Is the number $$\sum_{p\text{ prime}}p^{-2}$$ known to be irrational?

The limit exists, since $$\sum_{p\text{ prime}}p^{-2}<\sum_{i=1}^{\infty}i^{-2}=\frac{\pi^{2}}{6}$$.

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Is the number $$\sum_{p\text{ prime}}p^{-2}$$ known to be irrational?

The limit exists, since $$\sum_{p\text{ prime}}p^{-2}<\sum_{i=1}^{\infty}i^{-2}=\frac{\pi^{2}}{6}$$.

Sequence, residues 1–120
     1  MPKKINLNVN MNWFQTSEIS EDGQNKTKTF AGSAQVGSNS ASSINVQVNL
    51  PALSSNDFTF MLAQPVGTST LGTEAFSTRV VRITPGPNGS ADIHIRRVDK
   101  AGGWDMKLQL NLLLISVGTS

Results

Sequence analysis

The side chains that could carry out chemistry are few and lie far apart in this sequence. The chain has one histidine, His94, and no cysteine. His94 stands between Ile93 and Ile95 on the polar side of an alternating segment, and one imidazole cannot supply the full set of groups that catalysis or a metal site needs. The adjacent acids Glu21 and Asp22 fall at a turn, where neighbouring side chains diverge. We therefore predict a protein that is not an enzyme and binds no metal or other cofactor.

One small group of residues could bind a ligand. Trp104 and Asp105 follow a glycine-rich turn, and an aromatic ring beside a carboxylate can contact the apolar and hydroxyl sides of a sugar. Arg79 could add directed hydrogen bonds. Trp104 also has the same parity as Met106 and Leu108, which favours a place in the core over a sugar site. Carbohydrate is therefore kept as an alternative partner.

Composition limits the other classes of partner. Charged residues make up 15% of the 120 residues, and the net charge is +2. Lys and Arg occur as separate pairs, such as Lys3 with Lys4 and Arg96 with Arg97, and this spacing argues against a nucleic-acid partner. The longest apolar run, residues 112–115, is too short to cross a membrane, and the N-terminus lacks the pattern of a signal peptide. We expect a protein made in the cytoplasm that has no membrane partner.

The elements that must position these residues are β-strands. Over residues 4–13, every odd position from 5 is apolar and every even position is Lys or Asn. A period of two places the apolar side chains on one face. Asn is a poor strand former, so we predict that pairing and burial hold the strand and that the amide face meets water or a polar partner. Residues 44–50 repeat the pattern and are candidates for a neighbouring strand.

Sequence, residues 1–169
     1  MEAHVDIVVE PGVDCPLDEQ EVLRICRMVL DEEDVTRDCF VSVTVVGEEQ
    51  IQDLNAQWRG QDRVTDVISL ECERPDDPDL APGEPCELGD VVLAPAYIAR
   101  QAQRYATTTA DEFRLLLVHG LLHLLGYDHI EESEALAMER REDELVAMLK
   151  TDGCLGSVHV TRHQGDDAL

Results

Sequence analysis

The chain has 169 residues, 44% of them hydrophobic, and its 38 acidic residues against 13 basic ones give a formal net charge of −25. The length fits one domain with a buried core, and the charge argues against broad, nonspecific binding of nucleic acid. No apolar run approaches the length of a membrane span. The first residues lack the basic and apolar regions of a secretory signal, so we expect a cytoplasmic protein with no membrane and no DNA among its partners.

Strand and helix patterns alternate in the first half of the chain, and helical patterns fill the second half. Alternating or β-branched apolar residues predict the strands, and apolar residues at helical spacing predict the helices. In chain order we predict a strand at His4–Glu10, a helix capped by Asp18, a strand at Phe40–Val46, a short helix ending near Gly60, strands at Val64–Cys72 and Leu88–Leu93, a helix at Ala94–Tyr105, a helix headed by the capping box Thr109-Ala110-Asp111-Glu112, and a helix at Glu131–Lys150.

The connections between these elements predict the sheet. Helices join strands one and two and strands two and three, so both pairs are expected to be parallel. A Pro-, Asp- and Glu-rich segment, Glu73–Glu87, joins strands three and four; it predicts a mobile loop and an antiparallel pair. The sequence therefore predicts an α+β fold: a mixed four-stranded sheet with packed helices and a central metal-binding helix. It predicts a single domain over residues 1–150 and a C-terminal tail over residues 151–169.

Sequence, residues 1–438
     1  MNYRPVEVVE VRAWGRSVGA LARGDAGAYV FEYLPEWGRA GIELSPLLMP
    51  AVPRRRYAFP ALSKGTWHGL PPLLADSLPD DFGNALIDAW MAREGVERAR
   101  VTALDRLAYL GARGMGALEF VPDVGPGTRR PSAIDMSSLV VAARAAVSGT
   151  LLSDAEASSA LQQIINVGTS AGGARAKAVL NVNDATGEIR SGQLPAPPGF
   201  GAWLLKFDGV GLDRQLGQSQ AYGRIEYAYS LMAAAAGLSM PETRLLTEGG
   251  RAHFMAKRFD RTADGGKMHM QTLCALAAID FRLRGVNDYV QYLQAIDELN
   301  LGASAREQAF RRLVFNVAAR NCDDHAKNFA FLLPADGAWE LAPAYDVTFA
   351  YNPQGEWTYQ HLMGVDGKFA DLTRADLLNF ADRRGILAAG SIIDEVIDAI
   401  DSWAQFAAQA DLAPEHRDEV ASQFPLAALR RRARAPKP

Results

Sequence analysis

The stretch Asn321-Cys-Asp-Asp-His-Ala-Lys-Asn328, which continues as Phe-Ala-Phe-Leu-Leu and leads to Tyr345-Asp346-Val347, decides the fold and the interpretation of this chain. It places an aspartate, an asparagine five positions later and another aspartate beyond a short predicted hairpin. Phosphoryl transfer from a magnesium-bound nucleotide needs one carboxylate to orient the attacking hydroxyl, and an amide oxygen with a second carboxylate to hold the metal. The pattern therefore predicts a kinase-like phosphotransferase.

mightbe answered conditionally upon assuming some standard conjecture in the area (e.g. Schanuel's conjecture), just as one sometimes proves things conditional on the truth of the Riemann hypothesis if no unconditional proof is known. Is this question important to you? $\endgroup$period(in the sense used by Kontsevich and Zagier)? I'm going to quote from their paper ihes.fr/~maxim/TEXTS/Periods.pdf (page 16): "... many, if not almost all proofs of irrationality and transcendence results use periods and their associated differential equations in one form or another". $\endgroup$5more comments